Poker and Daily Fantasy Sports (DFS) have been classified as skill games in two separate states as lawmakers seek to better define the nature of betting.
For poker players in Virginia, a recent win for Senator Louise Lucas (D-Portsmouth) and SB 1400 means that live poker could soon become a real thing within the state. Lucas, who has been a long-time supporter of poker, introduced SB 1400 to the Senate General Laws and Technology Committee on January 11, 2017.
Separating Skill from Chance
The aim of the bill is to classify poker as a game of skill and, therefore, exclude it from the being defined as “illegal” under Virginian law.
With attempts to legalize live poker stretching back to 2012, Lucas will know that nothing is certain until it’s finally signed into law.
But following a positive reception Senate General Laws and Technology Committee, a full senate hearing was given the green light. Split into three stages, with the final phase being a vote on the bill, the hearing initially reached a stalemate.
With 19 votes for and the same amount against, the fate of SB 1400 sat with senate president pro tempore Steve Newman. After reviewing the bill, Newman voted in favor, which now means it passes to the Virginia House of Delegates.
Assuming it makes it through this stage, it will then land on Governor Terry McAuliffe’s desk where he’ll give it the final seal of approval and write it into law.
Should this happen, poker would be defined as “a game of skill and therefore not illegal gambling” under the Code of Virginia definition § 18.2-325.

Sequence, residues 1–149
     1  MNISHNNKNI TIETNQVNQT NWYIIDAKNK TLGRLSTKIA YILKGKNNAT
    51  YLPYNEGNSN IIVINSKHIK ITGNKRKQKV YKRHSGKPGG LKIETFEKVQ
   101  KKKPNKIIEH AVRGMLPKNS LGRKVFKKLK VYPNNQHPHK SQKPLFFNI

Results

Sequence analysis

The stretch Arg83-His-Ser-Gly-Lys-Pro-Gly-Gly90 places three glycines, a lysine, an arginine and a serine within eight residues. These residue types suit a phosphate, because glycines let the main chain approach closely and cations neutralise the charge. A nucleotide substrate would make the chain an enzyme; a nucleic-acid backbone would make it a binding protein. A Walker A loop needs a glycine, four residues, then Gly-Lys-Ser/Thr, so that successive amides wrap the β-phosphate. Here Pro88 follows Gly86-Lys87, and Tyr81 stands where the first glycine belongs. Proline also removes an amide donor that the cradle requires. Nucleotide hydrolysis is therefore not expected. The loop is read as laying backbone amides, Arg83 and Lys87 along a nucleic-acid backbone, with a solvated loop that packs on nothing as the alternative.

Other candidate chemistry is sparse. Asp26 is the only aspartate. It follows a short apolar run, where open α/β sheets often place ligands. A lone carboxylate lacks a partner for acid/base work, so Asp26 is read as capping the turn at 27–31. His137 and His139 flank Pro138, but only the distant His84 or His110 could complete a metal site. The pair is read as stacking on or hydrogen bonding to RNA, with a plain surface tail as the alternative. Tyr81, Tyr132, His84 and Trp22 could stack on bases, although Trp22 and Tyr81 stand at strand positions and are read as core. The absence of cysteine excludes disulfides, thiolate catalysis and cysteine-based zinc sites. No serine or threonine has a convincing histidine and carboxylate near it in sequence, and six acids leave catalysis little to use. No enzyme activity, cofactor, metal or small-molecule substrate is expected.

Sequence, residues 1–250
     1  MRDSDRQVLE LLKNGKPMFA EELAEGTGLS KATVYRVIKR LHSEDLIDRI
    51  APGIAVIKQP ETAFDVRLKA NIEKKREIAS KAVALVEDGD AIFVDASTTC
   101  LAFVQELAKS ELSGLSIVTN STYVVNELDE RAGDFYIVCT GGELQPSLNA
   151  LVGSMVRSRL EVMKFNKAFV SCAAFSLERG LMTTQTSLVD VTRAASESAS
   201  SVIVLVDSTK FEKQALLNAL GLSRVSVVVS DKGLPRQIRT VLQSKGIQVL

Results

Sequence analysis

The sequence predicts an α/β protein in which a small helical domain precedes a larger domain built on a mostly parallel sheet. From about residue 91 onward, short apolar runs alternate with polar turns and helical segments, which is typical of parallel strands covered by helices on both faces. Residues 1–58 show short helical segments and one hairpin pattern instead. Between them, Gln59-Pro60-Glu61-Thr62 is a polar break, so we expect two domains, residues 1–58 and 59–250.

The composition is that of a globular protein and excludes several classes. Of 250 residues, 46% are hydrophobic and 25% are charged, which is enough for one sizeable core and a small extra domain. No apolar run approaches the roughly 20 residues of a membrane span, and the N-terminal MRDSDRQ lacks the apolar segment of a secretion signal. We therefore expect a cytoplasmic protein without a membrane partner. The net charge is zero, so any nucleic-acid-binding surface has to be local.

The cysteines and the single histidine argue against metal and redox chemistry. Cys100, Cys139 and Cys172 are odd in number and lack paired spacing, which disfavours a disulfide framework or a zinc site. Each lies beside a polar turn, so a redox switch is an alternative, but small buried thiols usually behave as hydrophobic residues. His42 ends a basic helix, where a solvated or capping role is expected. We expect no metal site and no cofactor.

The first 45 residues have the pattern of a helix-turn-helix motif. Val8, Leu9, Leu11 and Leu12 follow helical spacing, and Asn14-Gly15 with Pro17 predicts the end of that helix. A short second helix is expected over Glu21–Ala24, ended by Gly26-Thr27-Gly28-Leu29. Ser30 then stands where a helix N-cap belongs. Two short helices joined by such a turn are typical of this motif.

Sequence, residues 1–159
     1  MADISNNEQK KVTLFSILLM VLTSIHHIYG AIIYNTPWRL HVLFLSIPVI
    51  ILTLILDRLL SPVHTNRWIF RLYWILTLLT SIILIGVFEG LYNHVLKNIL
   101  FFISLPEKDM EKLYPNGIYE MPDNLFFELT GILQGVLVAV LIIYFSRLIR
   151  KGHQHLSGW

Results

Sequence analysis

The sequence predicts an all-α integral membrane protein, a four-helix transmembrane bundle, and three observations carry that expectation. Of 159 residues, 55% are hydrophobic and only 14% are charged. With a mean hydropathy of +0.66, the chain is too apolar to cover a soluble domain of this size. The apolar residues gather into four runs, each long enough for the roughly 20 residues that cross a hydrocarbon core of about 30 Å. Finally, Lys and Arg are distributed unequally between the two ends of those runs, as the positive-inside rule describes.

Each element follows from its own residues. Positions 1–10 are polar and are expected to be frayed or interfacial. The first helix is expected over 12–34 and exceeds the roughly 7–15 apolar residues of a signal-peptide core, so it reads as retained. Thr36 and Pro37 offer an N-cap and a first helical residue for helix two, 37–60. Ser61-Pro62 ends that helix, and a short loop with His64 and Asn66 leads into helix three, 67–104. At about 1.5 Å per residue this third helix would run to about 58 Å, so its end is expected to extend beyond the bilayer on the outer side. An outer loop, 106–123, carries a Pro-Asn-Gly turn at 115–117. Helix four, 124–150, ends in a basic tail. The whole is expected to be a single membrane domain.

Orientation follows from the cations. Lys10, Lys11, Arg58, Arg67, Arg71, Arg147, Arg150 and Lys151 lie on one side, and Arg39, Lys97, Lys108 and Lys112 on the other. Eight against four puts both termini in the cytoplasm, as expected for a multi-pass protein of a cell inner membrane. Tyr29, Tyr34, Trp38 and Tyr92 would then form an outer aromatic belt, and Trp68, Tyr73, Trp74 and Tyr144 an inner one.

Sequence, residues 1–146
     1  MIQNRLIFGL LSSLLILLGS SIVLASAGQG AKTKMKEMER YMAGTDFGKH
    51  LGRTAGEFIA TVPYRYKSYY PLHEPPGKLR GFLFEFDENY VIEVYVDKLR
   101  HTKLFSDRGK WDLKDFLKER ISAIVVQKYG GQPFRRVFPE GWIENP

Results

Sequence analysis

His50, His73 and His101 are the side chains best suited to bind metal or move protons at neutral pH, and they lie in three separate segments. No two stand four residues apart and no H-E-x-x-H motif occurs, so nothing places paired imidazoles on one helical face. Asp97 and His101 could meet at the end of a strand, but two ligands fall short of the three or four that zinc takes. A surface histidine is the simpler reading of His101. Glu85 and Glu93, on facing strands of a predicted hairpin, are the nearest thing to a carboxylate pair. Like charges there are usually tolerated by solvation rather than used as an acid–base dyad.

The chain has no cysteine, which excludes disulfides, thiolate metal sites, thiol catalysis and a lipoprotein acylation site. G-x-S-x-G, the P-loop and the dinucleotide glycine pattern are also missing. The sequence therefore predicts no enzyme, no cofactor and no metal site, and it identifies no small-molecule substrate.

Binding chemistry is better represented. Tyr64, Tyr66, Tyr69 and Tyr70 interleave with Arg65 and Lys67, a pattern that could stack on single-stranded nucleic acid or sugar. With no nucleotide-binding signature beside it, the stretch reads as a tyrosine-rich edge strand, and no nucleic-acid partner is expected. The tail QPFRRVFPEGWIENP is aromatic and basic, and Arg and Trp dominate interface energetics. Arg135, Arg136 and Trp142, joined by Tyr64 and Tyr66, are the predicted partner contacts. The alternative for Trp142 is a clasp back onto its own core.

As Virginia moved another step closer towards acknowledging the skill aspects of poker, New Jersey looked to clarify its position on DFS. With live and online poker already regulated within the state, DFS has become the next point of interest alongside sports betting.
New Jersey Pushing DFS Regulation
Although the fight to legalize sports betting is one that doesn’t appear to have a clear end in sight, DFS looks as though it could soon find a place among the Garden State’s online betting industry.
Addressing the Assembly Tourism, Gaming, and the Arts Committee in Trenton, Steven Perskie told members that DFS is legal under state law because it is a game of skill.
Hired by two of the largest DFS operators, DraftKings and FanDuel, Perskie claimed that skill is the “predominate” factor in DFS and that chance plays “no material role” in the outcome of an event. Although other states, such as Washington and Nevada, have come to different conclusions about the nature of DFS, the committee sided with Perskie.
In agreeing with the casino industry expert, the committee also unanimously approved A3532 which is a bill that seeks to regulate DFS within the state:
“A3532: An Act providing for the regulation of daily fantasy sports games and supplementing Title 5 of the Revised Statutes,” reads the official document.
As well as moving the bill forward to a stage where the Senate will now have to approve a version of before it reaches Governor Chris Christie’s desk, the committee also agreed a potential tax rate of 10.5 percent on gross revenue (as opposed to the 9.25 percent listed in the bill).
According to Chris Grimm, a consultant for DraftKings and FanDuel, regulated DFS would generate around $1 million in annual revenue for New Jersey.